Shortly before noon on Saturday, March 28, 1964, CFFN members sat down and laid down at 7th and Edgmont, a busy intersection in downtown Chester, protesting school segregation. After fifteen minutes of relative calm, police charged the crowd and brutally removed and arrested the protesters. At the encouragement of Branche, another group of demonstrators arrived at the intersection. Police were just as harsh to the second wave, cracking skulls with their bully sticks and dragging protesters across the pavement to waiting paddy wagons. Branche sent in a third and fourth wave of protesters to sit down in the intersection that afternoon. The police arrested these demonstrators without as much brutality. Four newspaper photographers were among those arrested. Police attacked and wounded reporters and damaged their equipment. Branche said that he had complained about police brutality to the U.S. Department of Justice, which already had opened an investigation.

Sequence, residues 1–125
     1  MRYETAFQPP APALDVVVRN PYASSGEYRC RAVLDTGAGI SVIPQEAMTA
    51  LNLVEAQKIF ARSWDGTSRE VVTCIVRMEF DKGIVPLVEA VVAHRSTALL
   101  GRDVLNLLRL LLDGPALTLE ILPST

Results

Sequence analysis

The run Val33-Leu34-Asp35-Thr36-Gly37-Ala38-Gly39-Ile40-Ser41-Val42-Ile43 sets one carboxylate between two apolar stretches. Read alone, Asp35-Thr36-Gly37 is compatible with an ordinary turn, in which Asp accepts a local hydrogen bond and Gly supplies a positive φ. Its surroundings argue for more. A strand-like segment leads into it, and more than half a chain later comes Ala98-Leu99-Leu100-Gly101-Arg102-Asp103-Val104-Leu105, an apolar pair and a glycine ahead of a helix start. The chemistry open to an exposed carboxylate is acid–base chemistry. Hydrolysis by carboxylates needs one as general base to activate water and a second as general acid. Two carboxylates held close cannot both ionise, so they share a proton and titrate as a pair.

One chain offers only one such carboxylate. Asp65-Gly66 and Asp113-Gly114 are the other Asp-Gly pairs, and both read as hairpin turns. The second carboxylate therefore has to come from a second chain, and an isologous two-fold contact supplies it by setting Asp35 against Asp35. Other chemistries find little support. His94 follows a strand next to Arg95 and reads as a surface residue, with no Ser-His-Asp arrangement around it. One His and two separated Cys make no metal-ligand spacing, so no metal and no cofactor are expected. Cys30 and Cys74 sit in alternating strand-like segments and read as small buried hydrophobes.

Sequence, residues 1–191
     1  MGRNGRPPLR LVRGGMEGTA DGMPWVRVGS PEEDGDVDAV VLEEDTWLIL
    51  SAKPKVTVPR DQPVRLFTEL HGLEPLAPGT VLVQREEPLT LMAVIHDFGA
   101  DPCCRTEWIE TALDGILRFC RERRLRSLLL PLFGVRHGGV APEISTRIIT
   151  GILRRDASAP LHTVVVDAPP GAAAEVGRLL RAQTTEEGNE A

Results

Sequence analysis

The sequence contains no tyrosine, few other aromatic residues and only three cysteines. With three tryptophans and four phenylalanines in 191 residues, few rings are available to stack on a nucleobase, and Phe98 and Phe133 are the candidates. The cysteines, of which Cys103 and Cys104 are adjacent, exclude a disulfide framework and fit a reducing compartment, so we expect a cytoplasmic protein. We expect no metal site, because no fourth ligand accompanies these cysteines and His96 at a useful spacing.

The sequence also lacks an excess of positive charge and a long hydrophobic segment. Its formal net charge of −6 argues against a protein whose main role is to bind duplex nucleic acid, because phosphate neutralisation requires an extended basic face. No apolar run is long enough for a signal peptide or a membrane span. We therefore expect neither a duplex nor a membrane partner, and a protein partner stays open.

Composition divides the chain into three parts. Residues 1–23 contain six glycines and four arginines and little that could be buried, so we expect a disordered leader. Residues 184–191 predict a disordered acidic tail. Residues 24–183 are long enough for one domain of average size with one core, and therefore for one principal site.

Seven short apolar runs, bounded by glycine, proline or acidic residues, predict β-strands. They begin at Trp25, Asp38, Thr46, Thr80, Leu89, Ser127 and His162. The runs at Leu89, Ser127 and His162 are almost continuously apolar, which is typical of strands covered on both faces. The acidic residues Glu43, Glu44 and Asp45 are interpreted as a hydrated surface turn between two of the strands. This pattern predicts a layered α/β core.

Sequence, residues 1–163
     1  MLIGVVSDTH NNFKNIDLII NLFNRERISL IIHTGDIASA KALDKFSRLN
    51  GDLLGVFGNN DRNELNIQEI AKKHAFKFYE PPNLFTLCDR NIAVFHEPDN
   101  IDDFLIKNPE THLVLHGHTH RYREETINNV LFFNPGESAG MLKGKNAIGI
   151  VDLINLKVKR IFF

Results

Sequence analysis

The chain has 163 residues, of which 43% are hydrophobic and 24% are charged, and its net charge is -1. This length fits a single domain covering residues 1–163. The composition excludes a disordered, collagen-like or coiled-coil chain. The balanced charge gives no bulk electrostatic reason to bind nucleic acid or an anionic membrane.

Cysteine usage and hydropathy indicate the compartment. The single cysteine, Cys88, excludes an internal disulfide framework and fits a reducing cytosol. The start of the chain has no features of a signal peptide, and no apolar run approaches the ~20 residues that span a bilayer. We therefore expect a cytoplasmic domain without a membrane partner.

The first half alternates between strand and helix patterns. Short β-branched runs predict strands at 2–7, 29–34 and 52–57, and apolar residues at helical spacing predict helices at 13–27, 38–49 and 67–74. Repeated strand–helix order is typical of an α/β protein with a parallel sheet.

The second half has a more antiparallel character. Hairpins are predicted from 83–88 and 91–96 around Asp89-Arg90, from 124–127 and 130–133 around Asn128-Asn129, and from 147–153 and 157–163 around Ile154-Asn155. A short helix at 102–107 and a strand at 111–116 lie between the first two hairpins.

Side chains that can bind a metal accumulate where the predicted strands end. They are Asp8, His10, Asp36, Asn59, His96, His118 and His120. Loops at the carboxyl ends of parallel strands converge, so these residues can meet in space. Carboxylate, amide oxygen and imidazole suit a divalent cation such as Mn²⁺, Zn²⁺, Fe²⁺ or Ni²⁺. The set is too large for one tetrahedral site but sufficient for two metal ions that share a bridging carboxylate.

Daily demonstrations continued following the March 28 arrests. On Saturday, April 4, 1964, CFFN and the Chester chapter of the NAACP, headed by George Raymond, announced that they had agreed to postpone a scheduled noontime demonstration until they had met with the Chester School Board, a meeting scheduled to take place on Monday, April 6. At the request of CFFN and the NAACP, the School Board agreed to exclude the Chester Human Relations Commission from Monday's meeting, which led to the resignation of Rev. Ming.
As of April 4, 200 demonstrators had been arrested since March 27, and 60 remained at the Delaware County prison in Broadmeadows. Early in the week of April 6, U.S. Congressman Robert N.C. Nix (D-Phila) asked the U.S. Department of Justice to launch a probe into a hearing conducted by magistrate Phil Puzzanchera of demonstrators who had participated in the March 28 sit-down. Representative Nix claimed that the magistrate had intimidated the prisoners and bail bondsmen in the case.
On Wednesday, April 8, Branche and Phil Savage, tri-state leader of the NAACP, appeared jointly at a rally in Chester to call for an economic boycott against white merchants in Chester to pressure them to persuade the School Board to listen to the demands of the African Americans. By this point, Chester clergymen had joined CFFN's campaign and had called a meeting for Monday, April 13 at the Calvary Baptist Church in Chester.